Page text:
One unusual feature of the Z1012 is its battery. It is supplied with a high capacity rechargeable Lithium-ion CRV3 cell, a type which I have not seen before. This means it can also use a non-rechargeable CRV3, or two AA batteries, which could come in handy if you forget to take your battery charger on holiday.
In terms of its major features however, the Z1012 looks a bit mediocre by current standards. With most recent super-zoom cameras sporting 18x or even 20x zoom lenses, the 12x zoom lens on the Kodak looks a bit weak. The 2.5-inch monitor also looks a bit small on a camera of this size.
The Z1012 has a full range of manual options, with program, aperture and shutter priority and full manual exposure, as well as manual focus. The shutter speed range is a bit limited, from 16 seconds to 1/1000th in 1/3EV steps, but the aperture range of f/2.8 to f/8.0 is fairly normal. Manual exposure adjustments, or quick ISO and exposure compensation adjustment in program mode, are carried out via a simple thumbwheel, which is very quick and intuitive. I’m not too impressed by the manual focus function however. Although it’s easy enough to operate, it is slow and awkward and the monitor screen is simply not sharp enough for accurate focusing, even with the automatic magnification.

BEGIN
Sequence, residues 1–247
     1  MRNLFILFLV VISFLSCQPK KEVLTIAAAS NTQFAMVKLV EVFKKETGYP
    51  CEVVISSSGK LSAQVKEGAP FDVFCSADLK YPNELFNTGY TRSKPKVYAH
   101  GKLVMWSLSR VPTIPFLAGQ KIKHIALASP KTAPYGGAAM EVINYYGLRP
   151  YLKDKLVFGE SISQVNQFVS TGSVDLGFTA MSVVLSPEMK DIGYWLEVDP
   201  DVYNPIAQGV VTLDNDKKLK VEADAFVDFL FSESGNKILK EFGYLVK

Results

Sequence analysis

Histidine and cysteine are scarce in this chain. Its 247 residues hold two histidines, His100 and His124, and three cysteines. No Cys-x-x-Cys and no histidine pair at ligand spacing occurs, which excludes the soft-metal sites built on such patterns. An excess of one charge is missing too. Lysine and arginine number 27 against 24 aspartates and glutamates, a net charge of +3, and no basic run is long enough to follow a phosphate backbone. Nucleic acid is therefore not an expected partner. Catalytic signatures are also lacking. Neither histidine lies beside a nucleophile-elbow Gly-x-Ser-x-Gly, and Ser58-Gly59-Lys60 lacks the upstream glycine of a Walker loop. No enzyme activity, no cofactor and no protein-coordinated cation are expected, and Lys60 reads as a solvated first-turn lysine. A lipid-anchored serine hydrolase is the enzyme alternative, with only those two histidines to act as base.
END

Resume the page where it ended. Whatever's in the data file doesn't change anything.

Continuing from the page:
Kodak’s optical image stabilisation system works quite well, enabling shake-free hand held shooting at shutter speeds as low as 1/8th of a second at wide angle, although it doesn’t seem to cope as well at longer zoom ranges. At full zoom I was still seeing blur from camera shake at shutter speeds of 1/100th of a second, which is only two stops below the recommended shutter speed for 400mm.
Unlike other sites, we thoroughly test every product we review. We use industry standard tests in order to compare features properly. We’ll always tell you what we find. We never, ever accept money to review a product. Tell us what you think - send your emails to the Editor.